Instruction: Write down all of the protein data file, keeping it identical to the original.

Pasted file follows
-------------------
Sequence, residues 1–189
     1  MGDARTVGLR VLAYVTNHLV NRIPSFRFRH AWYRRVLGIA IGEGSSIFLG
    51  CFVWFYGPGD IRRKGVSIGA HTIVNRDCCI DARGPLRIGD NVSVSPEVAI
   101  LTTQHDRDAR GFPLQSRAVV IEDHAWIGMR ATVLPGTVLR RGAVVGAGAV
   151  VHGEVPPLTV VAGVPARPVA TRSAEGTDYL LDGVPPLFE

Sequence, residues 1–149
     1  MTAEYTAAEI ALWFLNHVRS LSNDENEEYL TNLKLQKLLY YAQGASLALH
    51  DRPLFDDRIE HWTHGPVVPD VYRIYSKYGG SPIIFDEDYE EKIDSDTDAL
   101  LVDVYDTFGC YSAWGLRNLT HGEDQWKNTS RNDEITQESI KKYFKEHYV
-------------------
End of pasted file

Sequence, residues 1–189
     1  MGDARTVGLR VLAYVTNHLV NRIPSFRFRH AWYRRVLGIA IGEGSSIFLG
    51  CFVWFYGPGD IRRKGVSIGA HTIVNRDCCI DARGPLRIGD NVSVSPEVAI
   101  LTTQHDRDAR GFPLQSRAVV IEDHAWIGMR ATVLPGTVLR RGAVVGAGAV
   151  VHGEVPPLTV VAGVPARPVA TRSAEGTDYL LDGVPPLFE

Sequence, residues 1–149
     1  MTAEYTAAEI ALWFLNHVRS LSNDENEEYL TNLKLQKLLY YAQGASLALH
    51  DRPLFDDRIE HWTHGPVVPD VYRIYSKYGG SPIIFDEDYE EKIDSDTDAL
   101  LVDVYDTFGC YSAWGLRNLT HGEDQWKNTS RNDEITQESI KKYFKEHYV